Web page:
I think as a well-run retailer, you might be talking sort of 6% to 8% margins at the bottom line. So as you can add 2% at the gross margin level, that’s having a fairly dramatic impact on your profit. Maybe a bit counter-intuitively retailers are talking about it being difficult to get goods into the country, from China in particular, with lots of capacity constraints in shipping. It’s probably been a good thing net for them because there’s less competition and lots of demand and it’s enabled them to put those gross margins up a little bit. Now the share price reactions have been muted using profit here up 80% and 90% on stocks that were not trading on crazy multiples to start with.

Yet we’ve seen share prices, maybe up 5% or a bit more on the day and retracting a bit over the days after that. What’s going on with the bumper results coming out way above everyone’s expectations and share prices not really moving?

Alex

These retailers had run-up to some extent already. There was already an expectation that there was going to be more revenue flowing in. However, it is higher than people expected, but that increase is limited, or appears to be limited in investor’s minds, to this first half of the year and potentially subsequent couple of months. These businesses are not necessarily getting credit for this level of profitability continuing.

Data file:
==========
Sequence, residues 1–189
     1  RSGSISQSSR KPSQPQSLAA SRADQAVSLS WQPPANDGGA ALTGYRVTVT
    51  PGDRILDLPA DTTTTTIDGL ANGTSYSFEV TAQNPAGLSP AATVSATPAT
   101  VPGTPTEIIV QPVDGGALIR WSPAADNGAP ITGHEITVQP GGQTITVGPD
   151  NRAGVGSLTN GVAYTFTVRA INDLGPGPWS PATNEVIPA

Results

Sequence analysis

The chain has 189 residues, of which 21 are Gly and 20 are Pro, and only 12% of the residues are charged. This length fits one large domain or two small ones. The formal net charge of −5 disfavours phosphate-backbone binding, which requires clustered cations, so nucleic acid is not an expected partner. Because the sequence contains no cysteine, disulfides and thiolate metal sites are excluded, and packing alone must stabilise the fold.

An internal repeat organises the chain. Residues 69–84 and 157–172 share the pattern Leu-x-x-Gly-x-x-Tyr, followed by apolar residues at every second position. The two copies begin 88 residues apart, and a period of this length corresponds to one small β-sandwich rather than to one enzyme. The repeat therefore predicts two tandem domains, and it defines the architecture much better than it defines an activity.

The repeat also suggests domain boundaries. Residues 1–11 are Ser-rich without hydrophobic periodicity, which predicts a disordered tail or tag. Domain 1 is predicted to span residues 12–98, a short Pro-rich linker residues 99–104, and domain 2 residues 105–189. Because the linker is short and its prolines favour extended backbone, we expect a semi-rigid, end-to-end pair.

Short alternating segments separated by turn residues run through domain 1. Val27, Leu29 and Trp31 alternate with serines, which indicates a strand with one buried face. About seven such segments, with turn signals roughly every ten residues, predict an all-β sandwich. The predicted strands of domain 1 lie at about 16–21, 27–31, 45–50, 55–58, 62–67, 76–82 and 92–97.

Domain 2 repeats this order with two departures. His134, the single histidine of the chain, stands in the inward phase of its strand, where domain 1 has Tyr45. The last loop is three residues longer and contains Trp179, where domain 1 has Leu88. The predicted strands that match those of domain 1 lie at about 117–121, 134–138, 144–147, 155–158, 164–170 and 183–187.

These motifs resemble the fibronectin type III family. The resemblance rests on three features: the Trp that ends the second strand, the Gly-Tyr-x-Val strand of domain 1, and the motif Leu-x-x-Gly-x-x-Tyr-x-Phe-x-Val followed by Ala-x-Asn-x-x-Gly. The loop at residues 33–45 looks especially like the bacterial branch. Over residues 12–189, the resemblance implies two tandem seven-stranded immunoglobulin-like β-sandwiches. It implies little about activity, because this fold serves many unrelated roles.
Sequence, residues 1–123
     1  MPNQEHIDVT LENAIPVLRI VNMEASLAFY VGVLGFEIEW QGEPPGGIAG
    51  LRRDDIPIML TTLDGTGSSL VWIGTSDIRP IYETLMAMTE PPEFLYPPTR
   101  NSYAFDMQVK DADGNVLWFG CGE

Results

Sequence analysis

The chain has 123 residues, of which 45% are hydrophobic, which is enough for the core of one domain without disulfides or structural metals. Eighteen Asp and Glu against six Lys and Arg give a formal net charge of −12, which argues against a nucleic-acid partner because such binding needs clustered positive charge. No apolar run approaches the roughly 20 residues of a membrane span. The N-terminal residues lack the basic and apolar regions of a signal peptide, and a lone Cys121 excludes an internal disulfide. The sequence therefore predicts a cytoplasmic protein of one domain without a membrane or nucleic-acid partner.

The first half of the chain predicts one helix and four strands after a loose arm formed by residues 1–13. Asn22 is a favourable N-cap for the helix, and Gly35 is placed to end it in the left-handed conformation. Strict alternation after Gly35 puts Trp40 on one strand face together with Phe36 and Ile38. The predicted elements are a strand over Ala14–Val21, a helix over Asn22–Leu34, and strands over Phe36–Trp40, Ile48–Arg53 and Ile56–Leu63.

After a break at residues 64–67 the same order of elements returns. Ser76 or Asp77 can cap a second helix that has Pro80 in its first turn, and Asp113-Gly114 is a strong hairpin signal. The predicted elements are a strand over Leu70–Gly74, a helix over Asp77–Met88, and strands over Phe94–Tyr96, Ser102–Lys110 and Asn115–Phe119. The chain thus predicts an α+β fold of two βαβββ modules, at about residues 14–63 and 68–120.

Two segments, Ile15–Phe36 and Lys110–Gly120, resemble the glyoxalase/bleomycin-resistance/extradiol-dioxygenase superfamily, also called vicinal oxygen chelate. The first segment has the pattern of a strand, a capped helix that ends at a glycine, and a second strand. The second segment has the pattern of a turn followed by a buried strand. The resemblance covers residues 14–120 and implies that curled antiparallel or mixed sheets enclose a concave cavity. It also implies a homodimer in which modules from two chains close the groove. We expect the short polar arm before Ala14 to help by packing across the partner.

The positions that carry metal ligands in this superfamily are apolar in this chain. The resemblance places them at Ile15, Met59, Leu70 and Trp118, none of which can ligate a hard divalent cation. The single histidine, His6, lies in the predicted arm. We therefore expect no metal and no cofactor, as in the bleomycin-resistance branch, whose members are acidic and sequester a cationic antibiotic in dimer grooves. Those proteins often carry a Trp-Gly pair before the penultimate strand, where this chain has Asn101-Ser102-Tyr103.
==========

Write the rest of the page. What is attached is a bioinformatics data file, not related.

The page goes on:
We’re going to really get to see that in the first half of next financial year, how these businesses end up relative to the half they’ve just had.

Steve

I’d probably say we agree with that. That’s a sensible reaction from the market to say this is clearly unsustainable, both at a sales level, people are going to start spending money on travel and other things again, towards the back end of next year. Probably most importantly, you would assume these to come back to something more normal eventually.

Alex

That’s right. There are some things that have changed though for some of these retailers and Shaver Shop is a good example of this. There has been a transition to online and the businesses that have really been able to seize the opportunity in online and transition some of their offline sales to online should be better positioned for that come next year.

Shaver Shop, for example, has seen its online sales percentage tick up from 10%, two years ago, closer to 30%. Now that’s a big change for a business like that.

Steve

Yeah and I think you’ve seen some of these businesses manage that transition well. Shaver Shop is up to more than a third of its sales through its own website online. They’re delivering those through the store network. But it says to me that all of that brand awareness they have, when you think I want to buy a shaver, where do you go? The money that’s been spent on that over all these years is worth something. As long as you can get your offering right online, you’re not actually seeing the likes of Amazon kill these businesses. In fact, they’re doing quite well online.